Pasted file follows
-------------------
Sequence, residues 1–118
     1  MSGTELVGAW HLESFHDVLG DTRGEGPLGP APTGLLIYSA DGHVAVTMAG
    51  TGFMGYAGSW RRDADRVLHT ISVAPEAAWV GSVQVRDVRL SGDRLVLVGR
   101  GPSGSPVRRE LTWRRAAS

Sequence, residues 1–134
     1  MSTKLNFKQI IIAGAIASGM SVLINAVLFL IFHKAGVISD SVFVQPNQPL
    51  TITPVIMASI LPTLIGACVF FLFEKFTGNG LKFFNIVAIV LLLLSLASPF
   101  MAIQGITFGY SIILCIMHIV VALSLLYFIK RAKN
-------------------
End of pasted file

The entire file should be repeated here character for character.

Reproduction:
Sequence, residues 1–118
     1  MSGTELVGAW HLESFHDVLG DTRGEGPLGP APTGLLIYSA DGHVAVTMAG
    51  TGFMGYAGSW RRDADRVLHT ISVAPEAAWV GSVQVRDVRL SGDRLVLVGR
   101  GPSGSPVRRE LTWRRAAS

Sequence, residues 1–134
     1  MSTKLNFKQI IIAGAIASGM SVLINAVLFL IFHKAGVISD SVFVQPNQPL
    51  TITPVIMASI LPTLIGACVF FLFEKFTGNG LKFFNIVAIV LLLLSLASPF
   101  MAIQGITFGY SIILCIMHIV VALSLLYFIK RAKN